Polyglot computers coming up with 'compatibility'
When a delegate to the United Nations gives a speech, his words are carried to soundproof booths where interpretors simultaneously translate them into the six "official" languages of the UN.Skip to next paragraph
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A variation of that idea -- but translating the even more complex languages of computers -- may soon provide the key to achieving the so-called "office of the future."
Until now, development of such a computerized, automated office has been slowed in part by the need for a company to buy the same brand of computer for the whole staff if it wanted "compatibility." Today, if the boss wants an IBM, everybody has to have an IBM -- even if accounting wants a Wang, sales wants a Digital, and marketing prefers something from Burroughs.
Without some way for various computer brands to "talk" to one another, many companies have put off the heavy investment in automated office equipment, or limited it to a few departments.
Now, at least two companies -- tiny Ungermann-Bass of Santa Clara, Calif., and the giant Xerox Office Products Division in Dallas -- have made new advances in the development of "local networks." These are systems of cables strung throughout an office, much like the wires that carry cable television into millions of homes. They connect word processors, high-speed printers, electronic "file cabinets," data processors, and all the other pieces of the automated office.
The local networks move the information through these places at a rate of some 10 million bits of information, equal to about 500 typewritten pages, per second. A message is sent from one machine to another -- or to several machines -- in "electronic envelopes," called packets. In addition to the information it is carrying, each packet contains codes that identify the sending and receiving stations. Where competing brands are involved, a communications controller "translates" their languages and sends messages on to the proper destination.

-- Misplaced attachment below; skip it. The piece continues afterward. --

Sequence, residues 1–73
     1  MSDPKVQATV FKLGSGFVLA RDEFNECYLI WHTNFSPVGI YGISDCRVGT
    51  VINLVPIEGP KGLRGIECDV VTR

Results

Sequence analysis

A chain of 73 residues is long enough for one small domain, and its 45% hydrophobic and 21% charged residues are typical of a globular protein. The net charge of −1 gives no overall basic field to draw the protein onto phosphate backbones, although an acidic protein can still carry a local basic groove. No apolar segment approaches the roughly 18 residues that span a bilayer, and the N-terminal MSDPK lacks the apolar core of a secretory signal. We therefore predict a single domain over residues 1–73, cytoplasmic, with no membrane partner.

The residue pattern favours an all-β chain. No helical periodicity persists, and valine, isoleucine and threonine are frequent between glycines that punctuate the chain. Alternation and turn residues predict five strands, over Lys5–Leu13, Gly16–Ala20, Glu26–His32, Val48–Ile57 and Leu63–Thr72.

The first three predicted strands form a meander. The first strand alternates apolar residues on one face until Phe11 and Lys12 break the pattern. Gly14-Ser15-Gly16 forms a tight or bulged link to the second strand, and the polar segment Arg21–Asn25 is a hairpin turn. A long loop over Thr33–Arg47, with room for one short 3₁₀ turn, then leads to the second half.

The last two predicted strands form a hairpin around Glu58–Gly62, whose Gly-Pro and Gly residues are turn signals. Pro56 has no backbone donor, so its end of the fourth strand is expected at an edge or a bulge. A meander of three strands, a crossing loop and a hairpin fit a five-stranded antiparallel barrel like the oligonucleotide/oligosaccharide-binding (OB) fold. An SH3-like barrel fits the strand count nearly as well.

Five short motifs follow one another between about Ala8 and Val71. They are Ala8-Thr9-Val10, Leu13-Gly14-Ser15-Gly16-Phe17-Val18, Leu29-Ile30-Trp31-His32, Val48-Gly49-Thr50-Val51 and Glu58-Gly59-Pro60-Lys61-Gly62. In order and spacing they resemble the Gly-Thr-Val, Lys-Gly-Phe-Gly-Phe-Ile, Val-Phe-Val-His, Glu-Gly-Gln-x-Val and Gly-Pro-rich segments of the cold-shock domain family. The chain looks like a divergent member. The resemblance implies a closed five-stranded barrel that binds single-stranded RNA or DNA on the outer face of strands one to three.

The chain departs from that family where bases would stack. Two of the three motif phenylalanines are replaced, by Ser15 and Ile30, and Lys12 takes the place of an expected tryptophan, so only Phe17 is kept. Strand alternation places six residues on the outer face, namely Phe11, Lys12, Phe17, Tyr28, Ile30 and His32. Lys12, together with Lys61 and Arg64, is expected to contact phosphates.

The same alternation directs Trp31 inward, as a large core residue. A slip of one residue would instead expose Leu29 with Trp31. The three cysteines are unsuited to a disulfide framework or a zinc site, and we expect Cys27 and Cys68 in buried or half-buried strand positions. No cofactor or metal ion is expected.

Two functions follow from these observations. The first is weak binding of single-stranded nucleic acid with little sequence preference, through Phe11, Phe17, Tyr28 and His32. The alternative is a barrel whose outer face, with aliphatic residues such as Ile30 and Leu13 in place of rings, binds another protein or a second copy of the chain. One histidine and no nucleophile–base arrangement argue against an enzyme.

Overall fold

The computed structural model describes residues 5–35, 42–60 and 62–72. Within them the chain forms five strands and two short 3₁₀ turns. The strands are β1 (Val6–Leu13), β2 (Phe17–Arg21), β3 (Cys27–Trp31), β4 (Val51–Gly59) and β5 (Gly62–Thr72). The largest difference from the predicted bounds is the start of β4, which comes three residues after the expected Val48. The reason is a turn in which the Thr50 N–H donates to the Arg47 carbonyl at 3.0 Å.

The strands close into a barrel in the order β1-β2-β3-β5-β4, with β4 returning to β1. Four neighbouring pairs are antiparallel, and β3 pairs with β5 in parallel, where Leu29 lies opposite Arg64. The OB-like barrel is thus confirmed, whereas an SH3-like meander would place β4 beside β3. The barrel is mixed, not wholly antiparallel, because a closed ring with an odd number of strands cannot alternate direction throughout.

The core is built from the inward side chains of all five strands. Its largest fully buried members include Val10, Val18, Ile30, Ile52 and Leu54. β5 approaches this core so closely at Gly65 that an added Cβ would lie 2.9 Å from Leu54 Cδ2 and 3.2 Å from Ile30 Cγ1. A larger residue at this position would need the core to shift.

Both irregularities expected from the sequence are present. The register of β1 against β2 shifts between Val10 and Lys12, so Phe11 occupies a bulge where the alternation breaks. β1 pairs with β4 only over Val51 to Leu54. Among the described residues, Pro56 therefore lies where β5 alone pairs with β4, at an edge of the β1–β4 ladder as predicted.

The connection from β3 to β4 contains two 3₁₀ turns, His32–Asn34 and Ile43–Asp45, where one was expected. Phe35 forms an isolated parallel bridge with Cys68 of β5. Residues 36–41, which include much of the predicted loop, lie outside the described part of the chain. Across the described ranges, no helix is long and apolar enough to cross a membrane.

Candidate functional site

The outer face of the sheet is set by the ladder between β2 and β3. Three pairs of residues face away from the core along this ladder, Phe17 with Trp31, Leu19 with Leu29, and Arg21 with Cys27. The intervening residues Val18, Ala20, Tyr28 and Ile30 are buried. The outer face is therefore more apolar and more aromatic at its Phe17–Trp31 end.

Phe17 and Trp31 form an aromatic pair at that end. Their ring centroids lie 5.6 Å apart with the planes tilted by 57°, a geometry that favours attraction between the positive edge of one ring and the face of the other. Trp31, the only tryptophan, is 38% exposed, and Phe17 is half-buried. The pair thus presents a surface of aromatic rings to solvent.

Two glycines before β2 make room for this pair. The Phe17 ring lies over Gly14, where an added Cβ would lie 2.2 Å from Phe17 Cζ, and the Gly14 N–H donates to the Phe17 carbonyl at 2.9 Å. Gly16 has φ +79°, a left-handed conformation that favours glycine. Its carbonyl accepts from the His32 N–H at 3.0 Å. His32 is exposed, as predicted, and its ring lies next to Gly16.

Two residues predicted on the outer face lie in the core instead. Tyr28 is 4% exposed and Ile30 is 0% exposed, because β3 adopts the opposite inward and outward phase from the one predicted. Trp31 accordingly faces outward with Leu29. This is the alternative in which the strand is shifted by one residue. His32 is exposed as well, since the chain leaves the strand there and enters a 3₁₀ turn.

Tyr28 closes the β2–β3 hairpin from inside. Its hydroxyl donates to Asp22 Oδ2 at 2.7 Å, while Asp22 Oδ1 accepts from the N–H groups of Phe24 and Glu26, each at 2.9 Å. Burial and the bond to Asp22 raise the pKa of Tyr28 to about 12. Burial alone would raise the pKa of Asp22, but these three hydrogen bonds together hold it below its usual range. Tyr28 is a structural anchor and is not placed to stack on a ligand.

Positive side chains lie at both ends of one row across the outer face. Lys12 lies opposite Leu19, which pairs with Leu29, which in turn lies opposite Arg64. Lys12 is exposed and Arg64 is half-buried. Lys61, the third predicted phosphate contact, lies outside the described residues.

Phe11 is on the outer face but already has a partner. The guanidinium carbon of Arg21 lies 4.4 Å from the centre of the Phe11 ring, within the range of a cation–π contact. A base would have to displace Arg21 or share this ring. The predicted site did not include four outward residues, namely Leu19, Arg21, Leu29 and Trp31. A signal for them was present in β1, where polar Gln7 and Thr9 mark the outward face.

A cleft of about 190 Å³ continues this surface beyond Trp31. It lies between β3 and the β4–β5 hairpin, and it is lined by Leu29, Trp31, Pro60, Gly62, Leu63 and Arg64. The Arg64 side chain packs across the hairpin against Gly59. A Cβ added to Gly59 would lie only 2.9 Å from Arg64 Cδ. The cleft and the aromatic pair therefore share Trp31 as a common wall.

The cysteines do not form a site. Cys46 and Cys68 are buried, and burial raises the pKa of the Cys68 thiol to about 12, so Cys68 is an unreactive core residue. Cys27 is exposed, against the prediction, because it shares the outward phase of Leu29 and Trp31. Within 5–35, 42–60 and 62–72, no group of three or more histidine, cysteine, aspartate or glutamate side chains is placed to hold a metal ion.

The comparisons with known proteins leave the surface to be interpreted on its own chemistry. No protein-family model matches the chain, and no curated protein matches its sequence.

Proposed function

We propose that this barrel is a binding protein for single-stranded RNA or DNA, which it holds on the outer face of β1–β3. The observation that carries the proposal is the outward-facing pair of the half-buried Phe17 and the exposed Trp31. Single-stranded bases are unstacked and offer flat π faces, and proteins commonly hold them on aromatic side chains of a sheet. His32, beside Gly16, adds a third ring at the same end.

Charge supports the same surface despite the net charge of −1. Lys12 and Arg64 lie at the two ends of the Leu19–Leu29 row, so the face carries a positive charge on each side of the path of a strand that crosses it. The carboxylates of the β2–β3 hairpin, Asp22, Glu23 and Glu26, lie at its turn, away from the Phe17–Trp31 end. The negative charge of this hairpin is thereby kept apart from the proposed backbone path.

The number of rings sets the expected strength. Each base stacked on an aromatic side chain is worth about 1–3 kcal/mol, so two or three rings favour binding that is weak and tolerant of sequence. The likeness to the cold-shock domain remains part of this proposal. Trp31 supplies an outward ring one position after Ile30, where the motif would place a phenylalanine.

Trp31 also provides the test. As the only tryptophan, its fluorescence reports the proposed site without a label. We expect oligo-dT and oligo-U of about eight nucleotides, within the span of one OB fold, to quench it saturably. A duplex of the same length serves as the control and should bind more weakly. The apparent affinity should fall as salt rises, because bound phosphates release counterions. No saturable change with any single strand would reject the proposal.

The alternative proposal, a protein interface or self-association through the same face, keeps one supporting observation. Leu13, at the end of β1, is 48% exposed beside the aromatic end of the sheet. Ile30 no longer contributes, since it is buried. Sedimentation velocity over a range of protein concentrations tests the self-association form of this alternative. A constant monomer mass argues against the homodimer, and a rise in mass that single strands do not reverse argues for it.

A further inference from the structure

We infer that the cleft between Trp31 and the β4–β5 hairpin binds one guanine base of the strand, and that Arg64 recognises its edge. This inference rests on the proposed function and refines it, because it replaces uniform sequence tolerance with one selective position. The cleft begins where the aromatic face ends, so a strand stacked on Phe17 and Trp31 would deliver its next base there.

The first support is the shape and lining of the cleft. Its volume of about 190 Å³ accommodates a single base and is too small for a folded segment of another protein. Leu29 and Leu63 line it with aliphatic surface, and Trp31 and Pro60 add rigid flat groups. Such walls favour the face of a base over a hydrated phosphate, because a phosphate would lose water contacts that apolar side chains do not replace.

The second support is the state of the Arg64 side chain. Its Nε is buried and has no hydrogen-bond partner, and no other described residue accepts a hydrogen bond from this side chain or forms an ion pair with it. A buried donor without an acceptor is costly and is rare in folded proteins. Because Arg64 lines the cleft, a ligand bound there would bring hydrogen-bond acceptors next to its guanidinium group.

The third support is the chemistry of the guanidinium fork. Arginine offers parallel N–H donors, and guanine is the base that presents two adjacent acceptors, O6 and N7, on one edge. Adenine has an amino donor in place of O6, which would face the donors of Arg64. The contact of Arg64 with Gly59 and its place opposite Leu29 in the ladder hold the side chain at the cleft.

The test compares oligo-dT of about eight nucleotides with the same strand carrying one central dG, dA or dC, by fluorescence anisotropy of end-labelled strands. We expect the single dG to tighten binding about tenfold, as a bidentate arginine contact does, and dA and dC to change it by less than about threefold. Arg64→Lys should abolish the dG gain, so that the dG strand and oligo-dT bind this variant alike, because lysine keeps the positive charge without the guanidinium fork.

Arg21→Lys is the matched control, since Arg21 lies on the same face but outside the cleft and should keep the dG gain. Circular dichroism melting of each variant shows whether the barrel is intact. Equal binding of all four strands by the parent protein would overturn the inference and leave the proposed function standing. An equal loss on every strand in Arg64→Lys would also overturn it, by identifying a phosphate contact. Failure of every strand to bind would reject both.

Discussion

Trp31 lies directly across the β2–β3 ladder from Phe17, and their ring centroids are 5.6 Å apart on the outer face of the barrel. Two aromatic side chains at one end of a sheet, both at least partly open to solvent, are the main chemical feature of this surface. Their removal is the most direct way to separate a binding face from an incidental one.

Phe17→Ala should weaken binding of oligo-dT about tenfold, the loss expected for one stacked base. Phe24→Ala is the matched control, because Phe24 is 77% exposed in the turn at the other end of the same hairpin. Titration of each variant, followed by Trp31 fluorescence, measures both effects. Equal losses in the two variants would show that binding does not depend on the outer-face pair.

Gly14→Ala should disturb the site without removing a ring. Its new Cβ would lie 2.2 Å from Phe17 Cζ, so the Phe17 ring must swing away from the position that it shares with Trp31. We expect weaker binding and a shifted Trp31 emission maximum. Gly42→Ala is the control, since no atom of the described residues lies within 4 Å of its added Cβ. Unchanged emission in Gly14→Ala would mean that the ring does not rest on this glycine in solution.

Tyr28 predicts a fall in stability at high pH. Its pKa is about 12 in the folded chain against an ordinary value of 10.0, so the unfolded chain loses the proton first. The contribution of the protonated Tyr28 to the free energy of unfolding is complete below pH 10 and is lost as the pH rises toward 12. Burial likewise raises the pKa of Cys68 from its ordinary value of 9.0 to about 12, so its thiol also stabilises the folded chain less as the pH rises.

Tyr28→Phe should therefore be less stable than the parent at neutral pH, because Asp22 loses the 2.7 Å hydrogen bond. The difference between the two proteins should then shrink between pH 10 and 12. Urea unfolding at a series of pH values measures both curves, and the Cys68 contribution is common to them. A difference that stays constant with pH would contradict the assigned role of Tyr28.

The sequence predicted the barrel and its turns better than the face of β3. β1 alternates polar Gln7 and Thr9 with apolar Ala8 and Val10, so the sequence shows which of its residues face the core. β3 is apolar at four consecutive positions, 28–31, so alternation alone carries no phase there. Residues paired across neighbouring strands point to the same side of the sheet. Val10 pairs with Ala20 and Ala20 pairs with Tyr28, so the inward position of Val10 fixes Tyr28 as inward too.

So far there are no local network systems on the market that also do intercompany translating, although Xerox experts to have its system, called Ethernet, generally available sometime next year, said Robert Ruebel, the Xerox office division's vice-president for marketing.
"The concept is really quite important," said George Colony, senior analyst at the Yankee Group, a Boston research and consulting firm specializing in telecommunications and computers. "This will free the computer systems manager to make a decision based on the merits of each system and the needs of each department." Other companies, including Wang Laboratories, IBM, Exxon Enterprises, American Telephone & Telegraph, and M/A Com of Burlington, Mass., are expected to announce their own versions of local networks soon.
Ted Leonsis, a spokesman at Wang, said, "The company is actively pursuing its own local network system that will be compatible with its equipment and the rest of the world. Don't ask me to tell you any more."